Suffolk Closeup: Election season wins and losses

BEVERLEA WALZ PHOTO

BEVERLEA WALZ PHOTO

Election Day is a month away — November 7 — and although it’s an off-year election in Suffolk County, there are some remarkable elements.

In the Town of East Hampton, where the post of supervisor and two council positions are up for election and thus control of the Town Board, it’s interesting that the Republican Party has again embraced an unpopular issue in East Hampton, indeed all over the East End — the fate of the East Hampton Airport.

This comes after major GOP losses in the last off-year election when three-quarters of money the Republican Party spent in the campaign came from companies backing the area’s biggest noisemaker, the town-owned field.

It’s been the base for large numbers of helicopters flying loud and low, ferrying passengers between Manhattan and East Hampton, a raucous aerial ferry service disturbing those below, including Shelter Island residents.

The East Hampton board’s Democratic majority had imposed restrictions to try to quell the noise. The aviation interests went all-out in 2015 pouring big money into the GOP campaign to unseat it, but the strategy backfired.

The 2015 candidates for supervisor and two council positions won in landslides in what Kathleen Cunningham, chair of the Quiet Skies Coalition, called “an outright rejection of the attempted corporate takeover of East Hampton’s Town Board by the aviation industry.” It “showered the challengers with nearly $400,000 hoping to unseat” its majority after, for “the first time in the town’s history” it took “real steps to protect the public from aircraft noise,” Ms. Cunningham said. “It was a shocking and unprecedented display of business interests looking to buy their way into local politics.”

Yet this year, the East Hampton GOP is focusing again on zealous airport support.
‘Save The Airport” is the heading of the main piece of advertising of the GOP ticket.

There are photos of the Republican candidates “Who,” it is emphasized below a photo of them, “Support A Safe, Viable Airport.”

Not a word about aircraft noise.

Meanwhile, no matter what happens on November 7, a man of great courage in the history of Suffolk, Frank P. Petrone, is retiring from government, and after many years won’t be on the ballot.

Mr. Petrone has chosen not to run for re-election for Huntington Town supervisor, a position he was first elected to in 1993.

Prior to being supervisor, his positions included assistant Suffolk County executive under three administrations, chief of staff of the Suffolk Legislature, an administrator at Suffolk Community College, and Region II director of the Federal Emergency Management Agency.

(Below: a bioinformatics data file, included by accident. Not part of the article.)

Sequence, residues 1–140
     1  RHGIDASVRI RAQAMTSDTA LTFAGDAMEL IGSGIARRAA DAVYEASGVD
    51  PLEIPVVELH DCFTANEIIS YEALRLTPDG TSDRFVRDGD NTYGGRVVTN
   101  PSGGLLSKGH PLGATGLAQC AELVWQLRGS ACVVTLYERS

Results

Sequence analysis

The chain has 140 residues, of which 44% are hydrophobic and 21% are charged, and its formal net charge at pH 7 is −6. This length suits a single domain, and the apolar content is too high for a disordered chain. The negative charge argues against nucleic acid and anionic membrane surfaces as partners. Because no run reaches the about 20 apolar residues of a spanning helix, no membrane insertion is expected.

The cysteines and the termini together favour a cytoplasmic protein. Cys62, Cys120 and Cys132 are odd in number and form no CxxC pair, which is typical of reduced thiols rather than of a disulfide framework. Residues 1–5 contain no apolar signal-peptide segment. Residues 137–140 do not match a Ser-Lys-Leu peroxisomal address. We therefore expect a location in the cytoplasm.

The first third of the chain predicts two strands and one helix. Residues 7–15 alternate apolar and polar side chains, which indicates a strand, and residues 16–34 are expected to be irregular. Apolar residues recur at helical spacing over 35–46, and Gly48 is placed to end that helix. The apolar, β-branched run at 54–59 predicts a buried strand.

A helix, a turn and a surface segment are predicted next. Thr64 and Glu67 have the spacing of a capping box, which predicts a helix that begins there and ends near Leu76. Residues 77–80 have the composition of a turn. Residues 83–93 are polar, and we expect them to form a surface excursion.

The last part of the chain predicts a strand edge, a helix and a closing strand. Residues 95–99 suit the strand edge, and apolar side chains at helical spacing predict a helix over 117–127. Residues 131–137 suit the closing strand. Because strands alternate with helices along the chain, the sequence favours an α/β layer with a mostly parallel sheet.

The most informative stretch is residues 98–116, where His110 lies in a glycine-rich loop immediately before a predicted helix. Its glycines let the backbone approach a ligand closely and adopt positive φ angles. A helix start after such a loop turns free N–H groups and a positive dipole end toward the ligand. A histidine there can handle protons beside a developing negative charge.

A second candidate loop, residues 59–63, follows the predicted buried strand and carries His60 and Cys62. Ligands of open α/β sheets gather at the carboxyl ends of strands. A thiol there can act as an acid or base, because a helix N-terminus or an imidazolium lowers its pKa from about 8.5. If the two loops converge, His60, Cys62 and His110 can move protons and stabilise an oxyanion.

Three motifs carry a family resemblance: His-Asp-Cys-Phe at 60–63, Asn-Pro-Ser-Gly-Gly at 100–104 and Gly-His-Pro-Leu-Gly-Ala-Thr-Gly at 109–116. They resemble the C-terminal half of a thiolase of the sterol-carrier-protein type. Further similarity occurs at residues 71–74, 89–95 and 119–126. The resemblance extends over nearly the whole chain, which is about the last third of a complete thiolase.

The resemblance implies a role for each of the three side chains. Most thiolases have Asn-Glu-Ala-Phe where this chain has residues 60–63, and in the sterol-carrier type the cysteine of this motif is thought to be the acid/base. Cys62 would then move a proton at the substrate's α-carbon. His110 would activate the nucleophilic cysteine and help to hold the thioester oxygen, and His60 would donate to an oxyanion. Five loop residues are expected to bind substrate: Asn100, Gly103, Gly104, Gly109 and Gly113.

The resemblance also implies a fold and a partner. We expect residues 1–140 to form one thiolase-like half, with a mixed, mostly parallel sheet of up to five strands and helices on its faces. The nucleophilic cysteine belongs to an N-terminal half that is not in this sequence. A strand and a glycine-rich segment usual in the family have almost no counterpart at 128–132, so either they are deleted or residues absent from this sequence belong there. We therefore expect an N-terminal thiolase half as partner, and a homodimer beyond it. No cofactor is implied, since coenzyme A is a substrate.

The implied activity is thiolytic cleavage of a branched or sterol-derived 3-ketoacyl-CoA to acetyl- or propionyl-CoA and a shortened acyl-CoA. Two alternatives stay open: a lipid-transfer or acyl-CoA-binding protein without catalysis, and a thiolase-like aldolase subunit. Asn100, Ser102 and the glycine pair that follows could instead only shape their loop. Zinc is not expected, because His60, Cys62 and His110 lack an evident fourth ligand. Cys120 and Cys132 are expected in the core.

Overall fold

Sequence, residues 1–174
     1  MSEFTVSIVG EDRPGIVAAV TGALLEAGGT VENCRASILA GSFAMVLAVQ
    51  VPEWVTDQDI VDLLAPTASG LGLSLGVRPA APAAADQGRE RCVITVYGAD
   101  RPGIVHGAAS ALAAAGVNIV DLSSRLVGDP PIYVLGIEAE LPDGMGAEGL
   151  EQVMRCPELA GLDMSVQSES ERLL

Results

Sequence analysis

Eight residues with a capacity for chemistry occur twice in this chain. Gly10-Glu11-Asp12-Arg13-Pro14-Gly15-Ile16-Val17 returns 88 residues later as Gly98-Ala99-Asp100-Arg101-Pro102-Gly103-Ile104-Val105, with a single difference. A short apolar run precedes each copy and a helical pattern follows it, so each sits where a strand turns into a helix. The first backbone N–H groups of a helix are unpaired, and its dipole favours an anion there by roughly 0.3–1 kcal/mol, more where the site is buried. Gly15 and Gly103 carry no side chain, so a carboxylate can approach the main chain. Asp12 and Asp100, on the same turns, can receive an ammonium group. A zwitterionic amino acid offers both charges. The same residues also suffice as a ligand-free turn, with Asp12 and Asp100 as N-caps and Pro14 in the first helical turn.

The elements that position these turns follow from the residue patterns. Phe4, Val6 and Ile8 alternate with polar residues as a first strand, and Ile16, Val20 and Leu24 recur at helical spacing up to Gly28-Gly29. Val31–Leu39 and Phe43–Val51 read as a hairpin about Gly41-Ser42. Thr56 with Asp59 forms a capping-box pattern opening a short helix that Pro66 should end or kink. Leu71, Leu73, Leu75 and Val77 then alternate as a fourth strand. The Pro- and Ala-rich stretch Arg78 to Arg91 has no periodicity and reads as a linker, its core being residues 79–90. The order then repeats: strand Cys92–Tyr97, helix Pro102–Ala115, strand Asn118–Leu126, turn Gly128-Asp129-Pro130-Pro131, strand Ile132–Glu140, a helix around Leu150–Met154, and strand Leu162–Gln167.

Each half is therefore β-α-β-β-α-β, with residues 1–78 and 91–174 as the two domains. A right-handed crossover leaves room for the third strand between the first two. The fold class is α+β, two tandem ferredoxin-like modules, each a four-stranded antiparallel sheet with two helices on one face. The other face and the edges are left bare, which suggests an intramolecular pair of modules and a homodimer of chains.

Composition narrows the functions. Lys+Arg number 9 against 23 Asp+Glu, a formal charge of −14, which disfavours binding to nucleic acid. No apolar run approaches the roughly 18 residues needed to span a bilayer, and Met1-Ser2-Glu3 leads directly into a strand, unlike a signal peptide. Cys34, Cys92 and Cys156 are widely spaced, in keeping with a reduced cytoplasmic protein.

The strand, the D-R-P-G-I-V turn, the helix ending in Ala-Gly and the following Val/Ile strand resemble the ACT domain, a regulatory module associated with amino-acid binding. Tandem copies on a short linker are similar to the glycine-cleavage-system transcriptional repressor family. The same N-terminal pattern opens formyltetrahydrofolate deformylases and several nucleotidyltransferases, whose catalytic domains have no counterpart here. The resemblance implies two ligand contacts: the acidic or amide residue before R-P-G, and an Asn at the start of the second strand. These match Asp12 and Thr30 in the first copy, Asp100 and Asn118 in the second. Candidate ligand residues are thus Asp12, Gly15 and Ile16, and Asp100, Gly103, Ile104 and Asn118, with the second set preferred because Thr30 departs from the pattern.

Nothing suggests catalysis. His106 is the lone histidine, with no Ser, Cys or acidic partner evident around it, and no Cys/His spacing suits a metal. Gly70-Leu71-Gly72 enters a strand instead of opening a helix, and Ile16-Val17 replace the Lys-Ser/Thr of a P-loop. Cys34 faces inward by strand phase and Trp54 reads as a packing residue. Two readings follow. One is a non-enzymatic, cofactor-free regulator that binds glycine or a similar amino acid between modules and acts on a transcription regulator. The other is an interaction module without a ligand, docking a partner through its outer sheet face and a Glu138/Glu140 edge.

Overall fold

That was a major post in which he was in charge of FEMA activities in all of New York State, New Jersey as well as Puerto Rico and the U.S. Virgin Islands.

It was in that post in 1986 that Mr. Petrone was involved in a profile in courage for which all residents of Shelter Island and  Long Island — and beyond — should thank him.

The then Long Island Lighting Company (LILCO) was pushing its Shoreham nuclear power plant, the first of seven to 11 nuclear power plants LILCO wanted to build on Long Island.

A main argument by Suffolk government and the many grassroots opponents of Shoreham was that if there were a catastrophic accident, a successful evacuation of the many who live in this area would be impossible. Consider evacuation routes for Shelter Island: the South and North ferries.

The Shoreham plant stood 35 miles west of Shelter Island.

As FEMA regional director during the Reagan administration, there was enormous pressure on Mr. Petrone to say evacuation would not be problematic to help facilitate the plant being licensed to operate.

Instead, Mr. Petrone’s office issued a report, after a LILCO drill depicting evacuation, stating that “FEMA cannot give reasonable assurance under its regulations that the public health and safety can be protected.”

After refusing to alter the report, Mr. Petrone was told by the then FEMA administrator to resign or be fired. On April 15, 1986, he resigned. A week later, the Chernobyl nuclear plant disaster occurred in Ukraine, following the 1979 meltdown at the Three Mile Island nuclear plant in Pennsylvania.

Mr. Petrone in his letter of resignation said: “The responsibility given to FEMA after the accident at Three Mile Island is a responsibility I take very seriously: that is to provide an unbiased and impartial review of emergency preparedness to protect people living near nuclear power plants.

“I believe that the credibility of the agency is endangered when national office officials move to overturn critical regional decisions.”

Then New York Governor Mario Cuomo declared: “I applaud the courage and the integrity of Frank Petrone, who resigned rather that bow to pressure from Washington to change his assessment of the safety issues.”

Farewell, Frank Petrone, after a great career!

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